If you need to make arrangements to submit your submission via mail, please contact us. (Please note that mailed entries need to be postmarked by March 1, 2017.) If you are having technical problems please try the following:

  1. Try a different browser (e.g. if you are using Google Chrome, try Internet Explorer)
  2. Try uploading the film from a different computer (e.g. instead of your school’s computer, try your home computer.)

If technical problems persist, please contact us and include your internet browser and a description of the problem you are experiencing. Please be assured that we will not disqualify any entries that did make the deadline as a result of a technical problem with uploading the video.

Submission Format – Entries are limited to 60 seconds in length. Many of the films (even if they are not winning films) are used to support local awareness efforts and shown in local movie theaters and even on TV.  We are only able to use films that meet the 60-second requirement.  YouTube is our video services partner and all technical specifications need to be in line with their requirements. YouTube accepts the following file types: MOV, MPEG4, AVI, WMV, MPEGPS, FLV, 3GPP AND WebM. Although not required, we recommend that you compress your video before uploading the file.

Many video editing programs (such as Premiere Pro or Final Cut Pro) and encoding software (such as Compressor or Adobe Media Encoder) may include a preset for encoding H.264 files that match the YouTube format requirements. If yours does, we recommend using that preset when encoding your finished film. For more information on exporting your film to meet these requirements, please click on the links below and view YouTube’s audio/Video settings –

Fix Upload Problems: https://support.google.com/youtube/settings

Remember each film must be uploaded as an “unlisted” video to YouTube.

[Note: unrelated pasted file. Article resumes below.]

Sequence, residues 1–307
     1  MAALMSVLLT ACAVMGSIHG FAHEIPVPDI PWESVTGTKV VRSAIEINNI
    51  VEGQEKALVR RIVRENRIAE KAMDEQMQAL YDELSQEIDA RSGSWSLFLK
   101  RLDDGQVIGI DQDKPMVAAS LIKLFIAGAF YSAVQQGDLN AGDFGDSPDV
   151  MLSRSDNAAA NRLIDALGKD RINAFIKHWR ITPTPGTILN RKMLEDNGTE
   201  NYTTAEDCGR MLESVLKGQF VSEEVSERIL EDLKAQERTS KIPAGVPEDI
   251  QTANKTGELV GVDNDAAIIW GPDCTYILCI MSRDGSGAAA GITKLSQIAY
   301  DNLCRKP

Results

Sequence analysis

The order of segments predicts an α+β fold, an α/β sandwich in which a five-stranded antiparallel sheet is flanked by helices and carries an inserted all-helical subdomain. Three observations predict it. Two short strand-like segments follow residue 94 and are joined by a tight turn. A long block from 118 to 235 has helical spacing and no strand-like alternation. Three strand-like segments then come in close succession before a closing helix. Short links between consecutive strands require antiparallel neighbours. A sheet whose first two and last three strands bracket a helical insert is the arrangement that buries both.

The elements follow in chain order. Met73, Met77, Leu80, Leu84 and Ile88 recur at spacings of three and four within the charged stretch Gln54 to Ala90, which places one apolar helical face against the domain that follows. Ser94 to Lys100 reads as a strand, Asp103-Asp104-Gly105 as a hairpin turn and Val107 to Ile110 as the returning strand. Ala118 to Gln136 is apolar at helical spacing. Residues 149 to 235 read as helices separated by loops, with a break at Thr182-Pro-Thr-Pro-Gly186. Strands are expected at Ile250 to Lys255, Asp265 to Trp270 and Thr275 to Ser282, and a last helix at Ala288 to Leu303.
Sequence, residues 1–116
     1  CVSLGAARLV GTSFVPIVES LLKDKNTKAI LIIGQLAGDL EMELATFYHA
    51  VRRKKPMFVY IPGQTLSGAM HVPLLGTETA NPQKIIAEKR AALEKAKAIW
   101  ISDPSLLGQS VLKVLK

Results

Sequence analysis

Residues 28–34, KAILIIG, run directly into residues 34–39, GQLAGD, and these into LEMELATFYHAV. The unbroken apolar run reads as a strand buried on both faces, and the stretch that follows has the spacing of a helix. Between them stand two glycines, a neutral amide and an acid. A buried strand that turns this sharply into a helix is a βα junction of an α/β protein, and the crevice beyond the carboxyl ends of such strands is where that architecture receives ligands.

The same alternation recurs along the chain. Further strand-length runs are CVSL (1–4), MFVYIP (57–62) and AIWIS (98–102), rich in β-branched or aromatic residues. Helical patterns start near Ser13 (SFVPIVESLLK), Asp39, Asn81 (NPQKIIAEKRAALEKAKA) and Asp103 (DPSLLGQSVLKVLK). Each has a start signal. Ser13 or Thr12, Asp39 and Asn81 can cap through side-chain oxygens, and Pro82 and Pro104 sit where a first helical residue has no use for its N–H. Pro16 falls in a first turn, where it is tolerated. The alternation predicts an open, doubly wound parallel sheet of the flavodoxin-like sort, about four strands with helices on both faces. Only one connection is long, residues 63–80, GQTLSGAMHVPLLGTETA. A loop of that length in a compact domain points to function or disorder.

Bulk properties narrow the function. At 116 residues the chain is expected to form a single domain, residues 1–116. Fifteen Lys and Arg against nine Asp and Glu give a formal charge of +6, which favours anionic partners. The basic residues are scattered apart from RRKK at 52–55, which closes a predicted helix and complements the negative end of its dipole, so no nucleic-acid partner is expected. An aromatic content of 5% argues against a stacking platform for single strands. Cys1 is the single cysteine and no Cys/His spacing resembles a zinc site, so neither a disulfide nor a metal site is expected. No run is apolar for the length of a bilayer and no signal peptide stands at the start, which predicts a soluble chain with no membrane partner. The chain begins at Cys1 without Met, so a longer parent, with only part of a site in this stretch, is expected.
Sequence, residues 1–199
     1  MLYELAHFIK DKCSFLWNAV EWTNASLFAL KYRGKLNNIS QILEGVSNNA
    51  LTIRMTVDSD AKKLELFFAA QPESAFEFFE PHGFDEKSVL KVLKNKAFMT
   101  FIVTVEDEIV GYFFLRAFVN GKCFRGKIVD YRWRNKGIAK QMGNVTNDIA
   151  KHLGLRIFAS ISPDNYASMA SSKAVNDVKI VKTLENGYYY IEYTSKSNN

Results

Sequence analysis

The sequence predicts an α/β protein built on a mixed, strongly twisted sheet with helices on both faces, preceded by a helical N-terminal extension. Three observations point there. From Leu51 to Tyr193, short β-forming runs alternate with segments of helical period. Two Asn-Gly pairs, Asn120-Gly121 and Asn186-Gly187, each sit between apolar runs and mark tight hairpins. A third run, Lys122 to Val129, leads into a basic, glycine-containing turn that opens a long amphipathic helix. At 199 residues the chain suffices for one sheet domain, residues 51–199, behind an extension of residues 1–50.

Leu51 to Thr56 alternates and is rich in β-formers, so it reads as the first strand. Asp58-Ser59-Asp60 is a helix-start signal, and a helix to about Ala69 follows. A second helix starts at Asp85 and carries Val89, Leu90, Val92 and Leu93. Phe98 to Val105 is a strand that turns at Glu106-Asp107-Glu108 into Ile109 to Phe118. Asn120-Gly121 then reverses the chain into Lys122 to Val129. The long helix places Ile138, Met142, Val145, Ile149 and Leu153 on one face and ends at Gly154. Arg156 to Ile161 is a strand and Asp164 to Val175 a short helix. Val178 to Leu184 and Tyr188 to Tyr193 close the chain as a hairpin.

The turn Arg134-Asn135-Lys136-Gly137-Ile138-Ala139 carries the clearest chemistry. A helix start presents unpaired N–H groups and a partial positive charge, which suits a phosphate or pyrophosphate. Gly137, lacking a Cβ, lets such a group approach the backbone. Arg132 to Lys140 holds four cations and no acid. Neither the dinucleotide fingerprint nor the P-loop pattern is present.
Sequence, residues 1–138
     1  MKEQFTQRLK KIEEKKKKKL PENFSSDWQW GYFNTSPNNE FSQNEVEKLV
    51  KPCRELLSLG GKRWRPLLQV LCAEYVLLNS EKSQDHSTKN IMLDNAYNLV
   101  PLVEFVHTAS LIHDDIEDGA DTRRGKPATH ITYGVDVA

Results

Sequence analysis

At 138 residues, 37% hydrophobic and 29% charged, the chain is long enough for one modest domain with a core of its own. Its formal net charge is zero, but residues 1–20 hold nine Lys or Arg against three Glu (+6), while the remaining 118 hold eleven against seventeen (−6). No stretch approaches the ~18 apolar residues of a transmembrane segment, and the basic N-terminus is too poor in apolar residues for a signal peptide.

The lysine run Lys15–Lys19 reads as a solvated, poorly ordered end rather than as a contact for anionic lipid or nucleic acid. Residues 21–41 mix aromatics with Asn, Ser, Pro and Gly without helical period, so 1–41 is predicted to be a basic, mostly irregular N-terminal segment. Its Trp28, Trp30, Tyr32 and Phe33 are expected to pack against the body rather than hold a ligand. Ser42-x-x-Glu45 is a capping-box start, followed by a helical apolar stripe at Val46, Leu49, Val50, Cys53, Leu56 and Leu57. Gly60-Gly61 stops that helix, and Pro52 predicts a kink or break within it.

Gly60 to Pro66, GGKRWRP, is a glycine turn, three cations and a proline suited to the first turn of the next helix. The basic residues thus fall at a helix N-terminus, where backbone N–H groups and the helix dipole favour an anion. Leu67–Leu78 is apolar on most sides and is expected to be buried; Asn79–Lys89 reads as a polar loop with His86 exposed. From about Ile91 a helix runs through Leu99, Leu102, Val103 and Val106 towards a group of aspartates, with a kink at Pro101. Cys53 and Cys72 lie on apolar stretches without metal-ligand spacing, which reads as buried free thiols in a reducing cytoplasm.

Privacy settings: https://support.google.com/youtube/privacy

Submission Categories – There are two primary submission categories:  Suicide Prevention and Mental Health Matters.  In addition, we are now offering a third category called Through the Lens of Culture.  This category still requires participants to choose suicide prevention or mental health as a focus, but with additional requirements including creating a film in a language different than English and/or with focus on how this topics impact people from different cultures.

Submission Language – Films in other languages are encouraged and will be accepted as long as they have English closed captioning.  They should be submitted in the Through the Lens of Culture category.

Judging Process & Prizes (High School Students) –  1st, 2nd and 3rd place winners will be selected in each category from five regions within the state of California by a regional judging panel.  (If less than 15 entries are received from any given region it might be combined with another region at the discretion of the contest organizers.) To see which region your school falls into, click here.

Regional Prizes in each category:

  • 1st place: $500
  • 2nd place: $250
  • 3rd place: $250
  • Schools associated with the first place winning film in each category, in each region, are eligible to receive $500 to support suicide prevention and mental health awareness programs and activities at their school (subject to availability of funding and one prize per school).  A short narrative outlining planned activities will be required.
  • All regional first place winners will be provided with travel stipends to attend the award ceremony (subject to availability of funding).
  • Winning films will be featured on the Directing Change compilation DVD and the program website

The winning film from each region, in each category will move on to a a second, statewide round of judging.   A new judging panel will review and score the films and determine the first, second and third place statewide winners. The winners will be announced at the award ceremony at the end of the school year.   In addition, the Directing Change team will select up to 3 films in each category to move onto the statewide round of judging.